In October 1726, newspapers reported that in the town of Godalming, Surrey, a woman called Mary Toft had started to give birth to rabbits. Several leading doctors, some sent directly by King George I, travelled to examine the woman who was then moved to London to be closer to them. By December, she had been accused of fraud and taken into custody. The case caused a media sensation, prompting public curiosity but also a vicious backlash. The author uses archival research to explore the motivations of the medics who examined her, the role of the women who remained close to Mary Toft, and the reasons the case attracted the attention of the King and his government.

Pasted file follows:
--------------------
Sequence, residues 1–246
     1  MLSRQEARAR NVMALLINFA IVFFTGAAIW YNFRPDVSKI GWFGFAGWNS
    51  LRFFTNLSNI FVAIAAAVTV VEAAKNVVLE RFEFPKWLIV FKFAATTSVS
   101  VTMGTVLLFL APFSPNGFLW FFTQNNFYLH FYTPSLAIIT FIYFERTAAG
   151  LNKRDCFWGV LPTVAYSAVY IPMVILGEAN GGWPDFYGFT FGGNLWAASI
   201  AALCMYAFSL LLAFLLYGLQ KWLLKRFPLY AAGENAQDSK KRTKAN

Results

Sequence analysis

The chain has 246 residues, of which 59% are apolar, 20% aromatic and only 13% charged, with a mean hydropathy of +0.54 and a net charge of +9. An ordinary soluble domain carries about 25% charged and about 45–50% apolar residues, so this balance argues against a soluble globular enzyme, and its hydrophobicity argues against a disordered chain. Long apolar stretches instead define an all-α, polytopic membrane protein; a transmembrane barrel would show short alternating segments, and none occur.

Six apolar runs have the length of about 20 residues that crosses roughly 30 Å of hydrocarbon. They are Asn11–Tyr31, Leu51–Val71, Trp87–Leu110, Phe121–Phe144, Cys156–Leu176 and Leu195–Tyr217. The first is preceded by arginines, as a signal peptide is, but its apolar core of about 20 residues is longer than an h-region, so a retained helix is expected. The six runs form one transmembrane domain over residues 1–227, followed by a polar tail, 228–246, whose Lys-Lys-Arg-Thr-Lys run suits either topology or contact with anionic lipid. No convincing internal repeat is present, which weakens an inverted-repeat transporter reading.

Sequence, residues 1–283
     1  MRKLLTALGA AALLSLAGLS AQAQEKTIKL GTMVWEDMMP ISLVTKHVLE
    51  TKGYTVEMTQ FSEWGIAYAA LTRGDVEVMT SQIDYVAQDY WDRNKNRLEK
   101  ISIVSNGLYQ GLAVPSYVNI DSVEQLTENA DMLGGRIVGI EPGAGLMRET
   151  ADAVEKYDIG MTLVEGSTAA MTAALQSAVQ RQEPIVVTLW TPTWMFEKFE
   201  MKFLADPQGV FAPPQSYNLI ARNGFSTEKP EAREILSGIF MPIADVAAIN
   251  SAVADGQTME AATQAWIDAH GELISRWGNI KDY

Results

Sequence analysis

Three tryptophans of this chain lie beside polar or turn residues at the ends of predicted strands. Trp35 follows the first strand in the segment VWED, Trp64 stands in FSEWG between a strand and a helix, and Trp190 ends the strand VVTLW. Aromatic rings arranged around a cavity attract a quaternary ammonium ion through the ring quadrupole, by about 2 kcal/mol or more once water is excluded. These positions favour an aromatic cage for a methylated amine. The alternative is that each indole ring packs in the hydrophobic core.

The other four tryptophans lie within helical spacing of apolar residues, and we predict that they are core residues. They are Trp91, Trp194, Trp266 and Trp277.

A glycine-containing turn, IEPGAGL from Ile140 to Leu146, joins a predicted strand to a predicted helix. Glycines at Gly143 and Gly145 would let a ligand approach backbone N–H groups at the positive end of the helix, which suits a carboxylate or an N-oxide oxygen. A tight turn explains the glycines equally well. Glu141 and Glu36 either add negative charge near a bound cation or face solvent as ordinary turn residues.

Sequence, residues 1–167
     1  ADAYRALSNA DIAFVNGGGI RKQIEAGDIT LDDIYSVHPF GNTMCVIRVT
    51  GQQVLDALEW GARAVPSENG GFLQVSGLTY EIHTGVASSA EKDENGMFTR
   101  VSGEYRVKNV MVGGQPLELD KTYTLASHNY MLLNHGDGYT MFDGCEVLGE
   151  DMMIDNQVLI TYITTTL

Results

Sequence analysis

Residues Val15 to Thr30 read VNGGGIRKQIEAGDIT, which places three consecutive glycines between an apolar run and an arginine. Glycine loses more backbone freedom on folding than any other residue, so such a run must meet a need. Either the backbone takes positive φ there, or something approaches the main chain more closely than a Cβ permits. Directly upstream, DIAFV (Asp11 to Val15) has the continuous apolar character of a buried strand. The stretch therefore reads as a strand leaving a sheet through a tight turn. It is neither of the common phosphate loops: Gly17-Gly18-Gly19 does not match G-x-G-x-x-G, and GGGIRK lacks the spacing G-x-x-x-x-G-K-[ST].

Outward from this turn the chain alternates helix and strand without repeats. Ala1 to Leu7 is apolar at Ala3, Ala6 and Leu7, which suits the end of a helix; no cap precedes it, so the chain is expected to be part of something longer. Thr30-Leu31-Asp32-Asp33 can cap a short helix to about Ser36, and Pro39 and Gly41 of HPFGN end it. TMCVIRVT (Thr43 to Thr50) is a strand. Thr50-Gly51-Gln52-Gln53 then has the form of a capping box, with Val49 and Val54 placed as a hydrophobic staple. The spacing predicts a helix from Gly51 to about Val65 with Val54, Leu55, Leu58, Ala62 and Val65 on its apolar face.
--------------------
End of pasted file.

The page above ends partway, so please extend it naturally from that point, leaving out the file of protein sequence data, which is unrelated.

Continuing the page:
Karen Harvey is Professor of Cultural History at University of Birmingham.